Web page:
Before you build a metro, read this

By Nurfilzah Rohaidi

Tips from a transport specialist for developing cities that want sustainable public transport.

Image: Pexels

Bangkok’s sky train system is an instantly recognisable feature of the city. It certainly beats sitting in traffic a dozen metres below.

And it’s a model that developing cities in the region look towards. “When you go and talk to people in say, Vientiane or Phnom Penh, and you ask them what do you want your city to be like in five, ten or 20 years, they basically describe Bangkok,” says Geoffrey Kurgan, Transport Specialist at the World Bank.

But Bangkok’s approach to transport may not be a good model for developing cities in Southeast Asia to follow, Kurgan notes. Instead, cities should prioritise pedestrians and cyclists, and make roads safer for them, he tells GovInsider.

Think long-term

 Bangkok’s answer to rampant traffic congestion was to build the overhead BTS train system, and it similarly addressed a lack of pedestrian space with an extensive network of elevated walkways.

But the reality, Kurgan says, is that the BTS was an expensive solution that did not really solve the city’s congestion. Bangkok “did not necessarily address things at the street level, which is more sustainable and a lot cheaper than having to build a BTS”, he explains.

Developing cities across Southeast Asia often assume that there will be “enormous traffic volumes” in the future. But this may not be the case. “Huge percentages of the population are still not going to have the disposable income to buy cars 20 years down the road; they're still going to be relying on the transport network,” Kurgan says.

Instead of designing transport systems to favour cars, countries should prioritise pedestrians and cyclists, and convert motorcyclists to public transport users, he says. The first step is to plan thoroughly for a future transport system, and take the route that makes most sense financially. They should “tackle the problem [of traffic congestion] now, before it grows out of hand”.

Often, cities that lack funding try to build one-off train lines, pedestrian bridges or other infrastructure, but these do not work if they are not part of a holistic, long-term plan, Kurgan warns. “In fact, they might lead to bigger road safety problems”. When people have to go up and down stairs, for instance, and go out of their way to use systems that are not user-friendly - think of a parent with a pram, or a person in a wheelchair - they start to take risks and “cross the road where they shouldn’t”.

Cities “need to take a step back, take a snapshot of the city, and understand where people live, work and play”, and then plan how to connect these different places, Kurgan says. “The next step is to translate those plans into things that are realistic.”

Nevertheless, he says, metro or sky train systems are still valid solutions when mobility demands exceed the capacity of bus and bus rapid transit systems. The World Bank finances metros in large cities in China, those which have essentially outgrown their other public transport systems, he points out.

Share crash data with others

Meanwhile, the Philippines has turned to traffic data to reduce car crashes. The central government uses a platform built by the World Bank that maps the location of crashes, road speeds, and analyse where crashes are occurring. Data is anonymised, so officials do not have access to the names of crash victims.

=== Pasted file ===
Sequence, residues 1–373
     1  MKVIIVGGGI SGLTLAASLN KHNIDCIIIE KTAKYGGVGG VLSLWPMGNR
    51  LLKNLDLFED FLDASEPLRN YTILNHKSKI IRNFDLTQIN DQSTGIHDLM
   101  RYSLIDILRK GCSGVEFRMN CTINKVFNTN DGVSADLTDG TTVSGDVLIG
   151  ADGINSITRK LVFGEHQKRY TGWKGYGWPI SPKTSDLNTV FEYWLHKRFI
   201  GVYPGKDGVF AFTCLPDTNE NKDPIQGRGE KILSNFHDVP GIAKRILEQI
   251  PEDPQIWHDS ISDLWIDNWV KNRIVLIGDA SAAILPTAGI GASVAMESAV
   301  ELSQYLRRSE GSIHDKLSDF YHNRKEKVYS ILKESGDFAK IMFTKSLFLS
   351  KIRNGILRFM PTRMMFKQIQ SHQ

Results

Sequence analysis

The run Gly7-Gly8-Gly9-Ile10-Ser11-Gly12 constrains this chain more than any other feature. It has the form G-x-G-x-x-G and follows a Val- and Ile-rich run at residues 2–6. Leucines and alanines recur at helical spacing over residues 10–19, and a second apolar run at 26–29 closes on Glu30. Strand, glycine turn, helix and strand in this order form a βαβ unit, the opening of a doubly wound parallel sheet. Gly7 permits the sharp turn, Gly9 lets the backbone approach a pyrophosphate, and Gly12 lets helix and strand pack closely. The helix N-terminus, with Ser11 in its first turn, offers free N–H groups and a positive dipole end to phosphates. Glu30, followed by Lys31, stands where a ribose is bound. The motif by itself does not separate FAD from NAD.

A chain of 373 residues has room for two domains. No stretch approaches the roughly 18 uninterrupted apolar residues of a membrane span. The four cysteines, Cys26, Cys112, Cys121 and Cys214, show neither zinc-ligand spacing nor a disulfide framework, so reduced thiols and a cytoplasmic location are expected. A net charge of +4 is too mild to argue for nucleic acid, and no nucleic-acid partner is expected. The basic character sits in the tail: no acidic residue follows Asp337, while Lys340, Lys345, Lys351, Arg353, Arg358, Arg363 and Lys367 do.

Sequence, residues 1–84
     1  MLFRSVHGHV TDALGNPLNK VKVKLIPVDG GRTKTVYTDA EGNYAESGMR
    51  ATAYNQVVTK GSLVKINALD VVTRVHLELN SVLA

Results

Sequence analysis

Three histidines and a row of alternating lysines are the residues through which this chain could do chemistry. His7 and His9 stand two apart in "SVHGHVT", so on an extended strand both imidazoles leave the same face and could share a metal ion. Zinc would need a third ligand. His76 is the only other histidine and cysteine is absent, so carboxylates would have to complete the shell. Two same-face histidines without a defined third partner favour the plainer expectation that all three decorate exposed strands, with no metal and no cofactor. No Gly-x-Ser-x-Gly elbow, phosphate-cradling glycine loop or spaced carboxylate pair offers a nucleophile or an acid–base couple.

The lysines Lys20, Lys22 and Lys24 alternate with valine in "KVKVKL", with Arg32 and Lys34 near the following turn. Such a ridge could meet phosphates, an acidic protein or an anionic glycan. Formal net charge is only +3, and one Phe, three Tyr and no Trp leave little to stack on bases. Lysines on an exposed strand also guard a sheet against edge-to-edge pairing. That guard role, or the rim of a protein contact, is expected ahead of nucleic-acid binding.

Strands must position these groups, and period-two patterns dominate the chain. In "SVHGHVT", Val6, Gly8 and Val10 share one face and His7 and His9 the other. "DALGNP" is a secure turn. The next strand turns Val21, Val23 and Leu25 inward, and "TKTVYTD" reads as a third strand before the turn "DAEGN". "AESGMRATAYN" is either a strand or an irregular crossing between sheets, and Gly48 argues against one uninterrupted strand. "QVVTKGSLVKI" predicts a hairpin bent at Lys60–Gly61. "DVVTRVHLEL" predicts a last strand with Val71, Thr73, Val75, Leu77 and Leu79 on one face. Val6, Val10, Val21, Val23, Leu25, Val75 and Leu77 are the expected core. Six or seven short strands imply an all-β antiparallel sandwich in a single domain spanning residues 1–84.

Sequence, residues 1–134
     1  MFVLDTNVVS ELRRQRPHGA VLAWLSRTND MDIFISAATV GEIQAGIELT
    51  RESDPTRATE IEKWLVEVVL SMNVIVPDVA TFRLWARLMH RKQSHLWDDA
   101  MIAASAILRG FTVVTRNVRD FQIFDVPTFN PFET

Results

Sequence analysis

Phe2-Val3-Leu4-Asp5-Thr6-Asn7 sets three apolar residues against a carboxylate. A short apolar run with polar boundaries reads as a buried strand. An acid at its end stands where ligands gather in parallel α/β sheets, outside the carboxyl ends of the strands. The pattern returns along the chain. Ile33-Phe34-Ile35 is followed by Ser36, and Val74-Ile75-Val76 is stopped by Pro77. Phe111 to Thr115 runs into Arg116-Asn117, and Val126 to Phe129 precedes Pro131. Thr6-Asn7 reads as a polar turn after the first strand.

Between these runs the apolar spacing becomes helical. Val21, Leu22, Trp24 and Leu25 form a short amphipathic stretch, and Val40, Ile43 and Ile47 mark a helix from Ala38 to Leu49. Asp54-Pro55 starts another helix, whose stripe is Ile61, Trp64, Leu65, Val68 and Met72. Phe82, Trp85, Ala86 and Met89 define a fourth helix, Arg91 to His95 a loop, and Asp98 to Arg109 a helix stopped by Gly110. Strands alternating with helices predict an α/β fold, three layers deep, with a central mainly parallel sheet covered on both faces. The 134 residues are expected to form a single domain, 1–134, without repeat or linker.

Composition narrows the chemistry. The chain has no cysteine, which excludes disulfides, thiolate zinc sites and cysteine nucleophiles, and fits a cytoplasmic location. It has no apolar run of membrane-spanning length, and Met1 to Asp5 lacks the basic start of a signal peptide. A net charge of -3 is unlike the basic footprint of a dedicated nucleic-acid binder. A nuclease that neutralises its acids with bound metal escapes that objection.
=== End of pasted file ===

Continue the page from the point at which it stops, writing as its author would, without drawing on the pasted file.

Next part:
“We can know if it was raining, or if there were flooding conditions on the day and at the time that a crash occurred.”
Other relevant information, such as weather, are added into the mix via an API that pulls from databases around the world. “We can know if it was raining, or if there were flooding conditions on the day and at the time that a crash occurred.”

The challenge was that the Philippines traffic police had “incomplete” data on car crashes, and a few factors are responsible for this - the police may not actually be called to the scene of all incidents, for one. And often, if victims eventually die in the hospital, the healthcare staff do not communicate this to the police, Kurgan explains. “Sometimes a person gets injured, but it's not updated to fatality.”

This fragmented way of working is echoed throughout many parts of Asia: agencies and systems do not work effectively together, in an area that sorely needs multi-faceted collaboration. “You’ve got the traffic police, you've got the engineers, you've got the health system that are involved,” Kurgan remarks.

The data platform will “facilitate this inter-agency dialogue”, says Kurgan. The platform now gets data from the Philippines traffic police, which can reveal if car crashes are being caused by the way the roads are designed, for instance, he says. If engineers have access to these kinds of data and analyses, they can implement interventions where they are needed most, whether at intersections or along rural road networks, he adds.

Share data with citizens

In Brazil, São Paulo is using a version of the platform as a citizen engagement tool: sharing anonymised versions of crash data with the public so that anyone, from academics to citizens, can see how safe their streets are, says Kurgan. “They can look at the data and see where there are hazardous areas.”

Citizens are more informed, and “that pushes individual citizens or organizations to put pressure on governments to do more in terms of improving enforcement; in terms of investing resources into improving infrastructure”, he explains.

Cities can be characterised by their distinctive metro systems - London’s Tube and New York’s subway come to mind. But emerging cities today face very different challenges, and metros may not always be the way forward.

Kurgan was speaking on the sidelines of the AWS Public Sector Summit, held in Washington, DC on 20-21 June 2018.